I saw this tweet from Tim O’Reilly the other evening, and duly read the post attached. The premise is that search in the Android Market and in iTunes is fundamentally broken – so badly busted in fact that AltaVista could have produced a better search engine. Enter into the mix, Chomp who profess to solve the app search problems by doing things like indexing comments about the app, links to it from blog posts etc in order to give it a more “google-style” ranking.
Whilst I technically applaud what Chomp have managed to do, they have almost no revenue to speak of and a dismally small audience for such a service. My sense is that the reality of app store search is that almost no one actually uses it to search for apps in a general sense – they use it for recognised brand terms or keywords which lead them, without fail, to exactly the application the user is after.
No one I know (and I talk to a LOT of people about mobile device usage) have ever said to me that they couldn’t find the app they were looking for. When was the last time someone you know lamented the fact they couldn’t discover an app based on broad criteria? I’m tipping never.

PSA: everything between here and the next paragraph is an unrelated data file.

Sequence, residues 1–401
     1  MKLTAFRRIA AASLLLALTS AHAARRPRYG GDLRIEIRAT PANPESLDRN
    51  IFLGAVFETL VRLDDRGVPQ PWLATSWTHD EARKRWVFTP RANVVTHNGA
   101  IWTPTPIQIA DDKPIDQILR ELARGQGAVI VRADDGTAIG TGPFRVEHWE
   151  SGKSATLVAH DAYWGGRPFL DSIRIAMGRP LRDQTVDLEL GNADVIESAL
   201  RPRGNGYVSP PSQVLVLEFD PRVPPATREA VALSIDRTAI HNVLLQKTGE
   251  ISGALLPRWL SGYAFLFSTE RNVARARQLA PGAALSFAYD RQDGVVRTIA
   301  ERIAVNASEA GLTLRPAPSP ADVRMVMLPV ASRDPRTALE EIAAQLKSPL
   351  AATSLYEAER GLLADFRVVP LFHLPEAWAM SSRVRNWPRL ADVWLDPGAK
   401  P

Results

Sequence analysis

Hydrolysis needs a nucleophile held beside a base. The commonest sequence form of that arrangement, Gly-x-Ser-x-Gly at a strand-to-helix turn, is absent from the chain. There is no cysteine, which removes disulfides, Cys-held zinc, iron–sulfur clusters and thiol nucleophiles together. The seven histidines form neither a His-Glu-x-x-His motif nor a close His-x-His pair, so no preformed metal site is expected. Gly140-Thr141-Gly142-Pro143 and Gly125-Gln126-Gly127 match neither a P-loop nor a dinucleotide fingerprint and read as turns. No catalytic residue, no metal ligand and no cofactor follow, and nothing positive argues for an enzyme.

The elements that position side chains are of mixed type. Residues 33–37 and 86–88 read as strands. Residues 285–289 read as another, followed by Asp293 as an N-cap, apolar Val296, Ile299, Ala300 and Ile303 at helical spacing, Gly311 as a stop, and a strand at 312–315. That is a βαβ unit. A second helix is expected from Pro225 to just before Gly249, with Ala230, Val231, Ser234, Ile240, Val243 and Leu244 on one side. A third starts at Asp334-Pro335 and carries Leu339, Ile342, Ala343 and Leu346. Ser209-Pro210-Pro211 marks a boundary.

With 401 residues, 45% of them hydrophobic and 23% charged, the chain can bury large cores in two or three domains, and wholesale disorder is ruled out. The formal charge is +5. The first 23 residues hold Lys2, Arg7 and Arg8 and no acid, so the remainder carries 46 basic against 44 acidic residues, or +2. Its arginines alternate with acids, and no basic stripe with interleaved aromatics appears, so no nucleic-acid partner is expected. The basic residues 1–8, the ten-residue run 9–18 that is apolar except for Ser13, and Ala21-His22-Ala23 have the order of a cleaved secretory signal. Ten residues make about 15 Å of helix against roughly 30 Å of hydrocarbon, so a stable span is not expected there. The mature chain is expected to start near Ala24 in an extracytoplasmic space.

If you’re a mobile maven or a serious app hipster then yes search is broken for this context (yes, I fall into this camp too). For the other 200 million (and rising) users around the world they actually don’t care about the latest, most niche app in the market all they care about is that they can find the specific app they are after. And how do they find what app they are after? Marketing.
Pure, simple, traditional, marketing.